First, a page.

In the first blog in this series about aluminium surface cleanliness, I discussed the importance of cleaning and the different types of cleaning. You can read it here.
Effective cleaning to sufficiently remove the near-surface disturbed layer is vital for good corrosion resistance after coating. It also affects the long-term durability of adhesive bonding of aluminium automotive body sheet. However, excessive cleaning may also cause problems. One such problem is copper re-deposition/enrichment on the surface of copper containing aluminium alloys such as AA6xxx alloys. This is detrimental to the corrosion resistance of the alloy. Furthermore, excessive cleaning also increases the cost of maintenance of the cleaning section of the finishing line.
Therefore, it is important to know how to evaluate the surface cleanliness of aluminium automotive body sheet. This is to achieve surface quality control and to optimise the cleaning process in production.
In this blog, I’m going to talk about sheet surfaces and how to evaluate the aluminium surface cleanliness using microscopy.
Transmission electron microscopy (TEM) has been the main research method to examine the near-surface disturbed layer since it was ‘re-discovered’ in the 1990s. This involves specimen preparation using either ultramicrotomy or focused ion beam milling. You can read about ultramicrotomy in a previous blog post here.
TEM can analyse the chemical composition, microstructure and thickness of the deformed layer. The major drawbacks of this method are the very limited size of specimen that we can prepare and examine each time, as well as the cost and time involved.
We can use high resolution low accelerating voltage scanning electron microscopy (low kV SEM) for cross-sectional examinations. In this case, we examine the ultramicrotomed sample block, rather than the thin specimens for TEM.
The low kV SEM has the capability of imaging the ultrafine grained disturbed layer directly on the rolled aluminium alloy surface by the channelling contrast of backscattered electrons. However, the topography of the rolled surface influences the effectiveness of this technique.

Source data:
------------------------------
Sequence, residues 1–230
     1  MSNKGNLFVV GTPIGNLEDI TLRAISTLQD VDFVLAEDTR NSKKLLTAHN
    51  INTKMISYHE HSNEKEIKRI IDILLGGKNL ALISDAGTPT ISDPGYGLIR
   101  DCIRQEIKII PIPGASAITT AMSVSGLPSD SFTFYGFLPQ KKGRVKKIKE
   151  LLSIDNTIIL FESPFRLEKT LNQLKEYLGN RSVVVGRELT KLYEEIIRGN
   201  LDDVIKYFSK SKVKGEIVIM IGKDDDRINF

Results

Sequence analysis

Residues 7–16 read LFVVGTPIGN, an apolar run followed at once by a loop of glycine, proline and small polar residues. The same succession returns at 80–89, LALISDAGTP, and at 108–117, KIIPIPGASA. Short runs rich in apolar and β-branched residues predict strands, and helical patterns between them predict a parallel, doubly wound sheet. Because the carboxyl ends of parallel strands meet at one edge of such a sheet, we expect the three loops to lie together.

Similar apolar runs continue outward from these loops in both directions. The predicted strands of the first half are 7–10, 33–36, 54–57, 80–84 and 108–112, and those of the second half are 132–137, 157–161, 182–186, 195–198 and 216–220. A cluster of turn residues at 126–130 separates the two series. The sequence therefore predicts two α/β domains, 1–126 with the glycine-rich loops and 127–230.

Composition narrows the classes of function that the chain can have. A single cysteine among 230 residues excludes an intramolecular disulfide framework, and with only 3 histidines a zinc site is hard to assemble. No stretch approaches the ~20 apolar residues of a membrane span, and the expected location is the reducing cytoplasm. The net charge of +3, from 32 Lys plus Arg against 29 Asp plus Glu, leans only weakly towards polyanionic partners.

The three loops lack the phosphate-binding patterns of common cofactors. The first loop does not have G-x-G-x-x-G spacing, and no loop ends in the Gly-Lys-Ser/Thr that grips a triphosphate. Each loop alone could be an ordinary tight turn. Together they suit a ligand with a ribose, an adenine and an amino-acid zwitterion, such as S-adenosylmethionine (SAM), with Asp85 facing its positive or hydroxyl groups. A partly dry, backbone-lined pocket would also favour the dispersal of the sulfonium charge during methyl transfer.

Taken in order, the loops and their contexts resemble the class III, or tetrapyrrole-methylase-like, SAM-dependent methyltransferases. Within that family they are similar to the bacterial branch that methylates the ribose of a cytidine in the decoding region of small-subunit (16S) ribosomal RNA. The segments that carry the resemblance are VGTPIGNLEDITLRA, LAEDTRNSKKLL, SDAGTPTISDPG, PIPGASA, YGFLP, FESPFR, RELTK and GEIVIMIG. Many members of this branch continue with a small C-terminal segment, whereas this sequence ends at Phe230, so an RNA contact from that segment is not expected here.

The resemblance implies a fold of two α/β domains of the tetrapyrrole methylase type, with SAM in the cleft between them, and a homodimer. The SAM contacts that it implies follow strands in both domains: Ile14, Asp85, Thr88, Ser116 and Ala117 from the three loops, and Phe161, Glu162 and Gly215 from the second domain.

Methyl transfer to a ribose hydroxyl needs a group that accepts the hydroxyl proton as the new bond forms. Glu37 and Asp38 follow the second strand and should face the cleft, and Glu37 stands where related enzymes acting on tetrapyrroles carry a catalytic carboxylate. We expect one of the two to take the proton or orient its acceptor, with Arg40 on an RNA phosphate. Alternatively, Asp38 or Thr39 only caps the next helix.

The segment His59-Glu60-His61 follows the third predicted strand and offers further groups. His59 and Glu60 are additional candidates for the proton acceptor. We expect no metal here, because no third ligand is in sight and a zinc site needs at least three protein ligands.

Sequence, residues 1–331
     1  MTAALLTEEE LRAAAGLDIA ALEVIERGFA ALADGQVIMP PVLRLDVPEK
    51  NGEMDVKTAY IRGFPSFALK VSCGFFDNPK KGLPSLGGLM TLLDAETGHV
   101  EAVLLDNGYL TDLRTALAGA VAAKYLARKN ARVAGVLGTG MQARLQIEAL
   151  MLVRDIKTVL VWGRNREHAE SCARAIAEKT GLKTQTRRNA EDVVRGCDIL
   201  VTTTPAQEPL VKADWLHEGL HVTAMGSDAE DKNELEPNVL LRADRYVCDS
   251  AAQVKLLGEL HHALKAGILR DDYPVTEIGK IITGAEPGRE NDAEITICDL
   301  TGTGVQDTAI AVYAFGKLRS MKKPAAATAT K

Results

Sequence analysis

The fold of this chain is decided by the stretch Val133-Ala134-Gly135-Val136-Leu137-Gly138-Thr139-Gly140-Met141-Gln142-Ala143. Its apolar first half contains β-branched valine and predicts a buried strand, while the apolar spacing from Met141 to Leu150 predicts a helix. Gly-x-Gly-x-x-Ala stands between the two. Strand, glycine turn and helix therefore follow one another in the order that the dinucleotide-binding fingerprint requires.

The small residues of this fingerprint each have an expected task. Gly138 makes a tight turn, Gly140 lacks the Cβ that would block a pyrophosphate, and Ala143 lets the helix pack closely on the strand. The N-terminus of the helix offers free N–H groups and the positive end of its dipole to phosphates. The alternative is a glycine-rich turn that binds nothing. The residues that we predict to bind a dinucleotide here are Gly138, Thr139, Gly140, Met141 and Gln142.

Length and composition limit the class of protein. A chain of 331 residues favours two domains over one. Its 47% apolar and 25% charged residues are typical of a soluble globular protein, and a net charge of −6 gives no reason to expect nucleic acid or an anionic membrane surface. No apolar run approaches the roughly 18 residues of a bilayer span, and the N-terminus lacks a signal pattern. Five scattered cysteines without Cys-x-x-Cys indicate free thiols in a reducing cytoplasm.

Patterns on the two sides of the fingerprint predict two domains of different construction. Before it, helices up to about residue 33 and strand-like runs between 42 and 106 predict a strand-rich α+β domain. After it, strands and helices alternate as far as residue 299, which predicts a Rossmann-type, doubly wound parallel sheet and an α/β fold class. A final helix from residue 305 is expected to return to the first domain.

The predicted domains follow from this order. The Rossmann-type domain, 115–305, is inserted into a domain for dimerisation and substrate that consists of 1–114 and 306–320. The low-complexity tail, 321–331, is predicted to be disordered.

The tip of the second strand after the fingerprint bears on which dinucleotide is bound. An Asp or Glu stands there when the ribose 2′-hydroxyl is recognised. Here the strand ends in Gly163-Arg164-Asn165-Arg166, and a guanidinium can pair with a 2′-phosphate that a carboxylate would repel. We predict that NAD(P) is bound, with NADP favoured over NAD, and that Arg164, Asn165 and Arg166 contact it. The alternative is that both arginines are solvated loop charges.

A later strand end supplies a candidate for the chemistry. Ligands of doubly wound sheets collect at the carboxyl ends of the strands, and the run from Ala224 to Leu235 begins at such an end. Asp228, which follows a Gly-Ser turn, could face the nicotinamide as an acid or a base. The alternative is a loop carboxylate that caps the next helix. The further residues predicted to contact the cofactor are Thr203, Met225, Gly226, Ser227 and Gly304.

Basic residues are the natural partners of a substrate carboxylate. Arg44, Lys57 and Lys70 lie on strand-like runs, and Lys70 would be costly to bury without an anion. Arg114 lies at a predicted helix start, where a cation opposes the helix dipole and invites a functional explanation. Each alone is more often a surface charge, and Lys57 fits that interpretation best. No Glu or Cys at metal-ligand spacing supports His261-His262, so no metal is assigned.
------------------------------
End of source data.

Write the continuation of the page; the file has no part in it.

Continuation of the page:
This is especially true for aluminium automotive body sheet rolled with electro-discharge textured (EDT) rolls. The surface roughness Ra is in the range of 0.3 – 0.6 µm for a mill finish surface and 0.7 – 1.3 µm for an EDT surface.
This technique depends on the optical characteristics of the disturbed layer which reduces the reflectivity to visible light particularly in the short wavelength range. This makes the disturbed layer appear in brown or yellow in contrast to the silver white aluminium.
Figure 4 shows the visual appearance of the surface of AA5182-O automotive sheet with progressive cleaning. The freshly exposed aluminium alloy surface progressively replaces the original brown surface. Consequently, we can see the gradual removal of the disturbed layer.
This optical approach has many advantages, including a relatively large sampling area compared to electron microscopy and simple sample preparation. There’s also the rapid observation and data collection and the use of low cost equipment. The relatively large examined area is important for a meaningful quantitative analysis of the coverage of the deformed layer on rolled aluminium sheet surfaces. Our experience shows that observation using an optical microscope at a magnification of 500x or 1000x is best.
The Materials Testing team at Innoval offer all the techniques I’ve described in this blog. We either use our in-house equipment or we send someone to use the equipment at nearby universities. Our extensive in-house characterisation and analysis capabilities can get to the root cause of most surface problems, including corrosion.
Cleaning, pretreatment and corrosion are just some of the topics we cover in our Aluminium Automotive Sheet Training Course. The next one will take place on 6-8th November 2018 here in Banbury. It will be 2.5 days long and includes a visit to Jaguar Land Rover’s Castle Bromwich manufacturing plant. You can download a registration form from the training course link above.
In my next blog, I’ll discuss evaluating aluminium surface cleanliness using total reflectance measurement and colourimetry.